The government has dropped the charges against 13 hospitals after a four month investigation into the kidney racket citing “the welfare of the patients” waiting for organ transplants as the reason. In the last two years over 2000 the hospitals have preformed over 2000 illegal kidney transplants and have colluded with criminal gangs of organ brokers to steal organs from the state’s poor and destitute. I have been covering the story for WIRED News and in this blog since the story first broke and this seems an appropriate coda for my investigation in light of the rampant corruption and lack of ethics that permeates ever corner of the medical administration here.

The Directorate of Medical Services, the organization in charge of the investigation, is trying what it calls a “humanitarian approach” that favors wealthy people with renal failure over the poor who must sacrifice their own health for another person’s treatment.

Dropping the charges means opening up the flood gates to more illegal surgeries as the DMS has effectively admitted that it will not enforce the rule of law even under extreme instances of medical negligence. The DMS has let the worst offenders completely off the hook (Devaki Hospital, and Madurai Meenakshi Mission Hospital) after asking them to abide by the rules in the future.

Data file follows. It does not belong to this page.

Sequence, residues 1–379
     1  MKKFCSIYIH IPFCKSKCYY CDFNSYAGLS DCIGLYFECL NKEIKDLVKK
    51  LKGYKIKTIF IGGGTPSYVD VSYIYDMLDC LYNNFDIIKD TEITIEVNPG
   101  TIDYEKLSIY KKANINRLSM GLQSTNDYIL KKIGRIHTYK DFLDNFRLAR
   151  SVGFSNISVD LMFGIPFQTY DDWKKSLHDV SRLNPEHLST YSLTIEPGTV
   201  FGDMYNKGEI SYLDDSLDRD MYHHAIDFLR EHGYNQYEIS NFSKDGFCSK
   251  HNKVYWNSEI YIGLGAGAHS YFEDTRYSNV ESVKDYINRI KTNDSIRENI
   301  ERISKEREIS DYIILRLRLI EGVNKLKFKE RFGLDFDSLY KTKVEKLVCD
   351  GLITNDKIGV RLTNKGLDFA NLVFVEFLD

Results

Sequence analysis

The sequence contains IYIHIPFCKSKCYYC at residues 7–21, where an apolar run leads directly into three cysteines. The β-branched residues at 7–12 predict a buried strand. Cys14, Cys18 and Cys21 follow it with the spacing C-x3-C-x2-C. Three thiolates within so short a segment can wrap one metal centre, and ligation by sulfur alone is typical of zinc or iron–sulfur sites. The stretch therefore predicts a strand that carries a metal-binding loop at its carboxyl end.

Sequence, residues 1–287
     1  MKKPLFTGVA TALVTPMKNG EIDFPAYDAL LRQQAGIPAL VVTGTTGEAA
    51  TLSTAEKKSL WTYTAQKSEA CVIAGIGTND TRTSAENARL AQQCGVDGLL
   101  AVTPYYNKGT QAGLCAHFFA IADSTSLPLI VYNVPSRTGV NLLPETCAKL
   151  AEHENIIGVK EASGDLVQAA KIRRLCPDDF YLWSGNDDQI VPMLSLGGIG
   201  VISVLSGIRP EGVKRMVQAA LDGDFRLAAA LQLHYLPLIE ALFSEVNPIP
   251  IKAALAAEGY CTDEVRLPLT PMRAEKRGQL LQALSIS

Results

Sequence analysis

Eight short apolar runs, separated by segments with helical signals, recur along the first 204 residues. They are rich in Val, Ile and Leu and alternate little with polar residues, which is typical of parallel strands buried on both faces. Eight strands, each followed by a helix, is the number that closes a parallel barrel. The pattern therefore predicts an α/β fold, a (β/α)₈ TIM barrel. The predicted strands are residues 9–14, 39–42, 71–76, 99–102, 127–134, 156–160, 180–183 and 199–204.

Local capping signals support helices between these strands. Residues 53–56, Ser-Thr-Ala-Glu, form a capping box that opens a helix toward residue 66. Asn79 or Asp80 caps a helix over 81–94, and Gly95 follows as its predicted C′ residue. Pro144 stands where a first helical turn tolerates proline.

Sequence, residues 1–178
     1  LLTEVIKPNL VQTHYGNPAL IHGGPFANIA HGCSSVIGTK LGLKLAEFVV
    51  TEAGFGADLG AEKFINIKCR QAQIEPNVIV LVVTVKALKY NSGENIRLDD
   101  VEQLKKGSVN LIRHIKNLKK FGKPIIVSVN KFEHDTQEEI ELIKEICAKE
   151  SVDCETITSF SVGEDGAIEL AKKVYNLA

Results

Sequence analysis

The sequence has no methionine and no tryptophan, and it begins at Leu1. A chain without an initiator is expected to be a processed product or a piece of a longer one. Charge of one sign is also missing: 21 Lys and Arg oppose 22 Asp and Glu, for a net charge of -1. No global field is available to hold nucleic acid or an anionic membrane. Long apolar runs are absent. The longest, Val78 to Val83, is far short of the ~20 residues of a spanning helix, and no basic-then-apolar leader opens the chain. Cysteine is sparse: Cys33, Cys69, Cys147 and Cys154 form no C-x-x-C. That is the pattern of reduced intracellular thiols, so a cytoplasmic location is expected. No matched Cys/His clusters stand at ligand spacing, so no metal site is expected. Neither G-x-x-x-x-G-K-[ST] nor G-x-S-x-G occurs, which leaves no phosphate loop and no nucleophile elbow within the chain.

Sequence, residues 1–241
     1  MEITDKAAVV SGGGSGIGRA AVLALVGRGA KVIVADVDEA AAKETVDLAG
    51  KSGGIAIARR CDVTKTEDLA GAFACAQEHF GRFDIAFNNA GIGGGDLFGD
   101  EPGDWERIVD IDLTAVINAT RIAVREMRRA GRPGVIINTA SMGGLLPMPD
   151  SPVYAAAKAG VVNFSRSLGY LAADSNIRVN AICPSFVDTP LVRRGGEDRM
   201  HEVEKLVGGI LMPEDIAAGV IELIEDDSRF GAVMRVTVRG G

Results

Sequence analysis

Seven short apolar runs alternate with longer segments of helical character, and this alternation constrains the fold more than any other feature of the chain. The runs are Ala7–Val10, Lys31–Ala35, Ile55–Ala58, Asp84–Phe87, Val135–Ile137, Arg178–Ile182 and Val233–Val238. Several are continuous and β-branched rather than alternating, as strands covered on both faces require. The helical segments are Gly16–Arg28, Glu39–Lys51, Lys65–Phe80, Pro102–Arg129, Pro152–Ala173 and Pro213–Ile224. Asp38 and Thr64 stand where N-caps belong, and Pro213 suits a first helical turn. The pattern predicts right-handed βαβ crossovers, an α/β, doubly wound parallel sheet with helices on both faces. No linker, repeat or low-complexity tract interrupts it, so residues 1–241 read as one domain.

This excerpt from the Indian Express yesterday says it all:

“The hospitals had committed only simple mistakes like discrepancies in forms and HLA matching. We have kept in mind the suffering of patients waiting for transplants. Many of them are on dialysis ans need to undergo surgery. The hospitals have agreed to follow the rules and regulations. They will submit an undertaking and obey the rules [in the future]” an official said. (My guess is that the official was Bava Fathurudeen who I have written about earlier)

This is an outright lie that goes to show exactly how high the corruption rises in the administration. A month ago I went to the police and told them I had hard evidence on Devaki hospital that they were preforming illegal kidney transplants. I had uncovered records of the procedure with signatures of doctors (Thiagarajan and Reddy) on one person in Ernavoor and if I searched a little more I could easily have uncovered hundreds of similar documents. However when I went to the police station the Assistant Commissioner only looked at me blankly and said “we are not interested in prosecuting the case.”

For Bava Fathurudeen to say that hospitals have only made “simple mistakes” is a bald faced like. The hospitals have knowingly been providing illegal services and have gotten the government to tow the line with them. It’s already an established fact that the ethic board that approves transplants knows that 90% of the donors who apply for permission to undergo a transplant are unrelated and being paid by brokers.

So in light of the now defacto legalization of unrelated live-donor transplants why doesn’t the government take the more radical step and push for formal legalization? Call me crazy, but I don’t think that dozens of hospitals who have been actively pursing criminal transplants are going to stop business as usual after only a slap on their wrists. The honor system isn’t going to keep things in check.